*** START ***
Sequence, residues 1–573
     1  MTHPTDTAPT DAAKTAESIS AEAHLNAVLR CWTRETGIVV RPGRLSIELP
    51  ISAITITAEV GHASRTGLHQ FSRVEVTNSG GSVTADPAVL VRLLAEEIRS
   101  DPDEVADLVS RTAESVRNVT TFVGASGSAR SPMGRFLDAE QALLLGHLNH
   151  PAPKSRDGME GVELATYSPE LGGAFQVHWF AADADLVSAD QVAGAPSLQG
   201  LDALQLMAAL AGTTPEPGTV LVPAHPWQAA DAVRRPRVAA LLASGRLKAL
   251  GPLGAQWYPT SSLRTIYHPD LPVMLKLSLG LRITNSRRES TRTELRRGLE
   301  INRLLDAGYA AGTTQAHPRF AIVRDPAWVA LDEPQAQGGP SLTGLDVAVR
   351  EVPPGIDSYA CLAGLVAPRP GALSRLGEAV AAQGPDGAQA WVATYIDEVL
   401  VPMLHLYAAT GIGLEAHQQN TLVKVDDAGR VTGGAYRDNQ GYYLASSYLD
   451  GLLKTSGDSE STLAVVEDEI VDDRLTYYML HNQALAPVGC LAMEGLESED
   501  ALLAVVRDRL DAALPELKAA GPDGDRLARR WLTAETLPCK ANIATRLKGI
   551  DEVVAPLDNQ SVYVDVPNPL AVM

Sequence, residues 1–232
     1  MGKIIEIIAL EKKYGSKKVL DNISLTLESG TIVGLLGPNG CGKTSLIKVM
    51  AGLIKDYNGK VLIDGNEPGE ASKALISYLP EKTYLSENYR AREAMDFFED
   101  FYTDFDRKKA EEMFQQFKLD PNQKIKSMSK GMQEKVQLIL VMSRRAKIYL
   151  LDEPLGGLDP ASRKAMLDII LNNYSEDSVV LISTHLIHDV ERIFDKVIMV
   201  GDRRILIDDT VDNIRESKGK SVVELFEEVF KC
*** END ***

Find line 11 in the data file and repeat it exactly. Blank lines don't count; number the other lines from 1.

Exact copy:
   451  GLLKTSGDSE STLAVVEDEI VDDRLTYYML HNQALAPVGC LAMEGLESED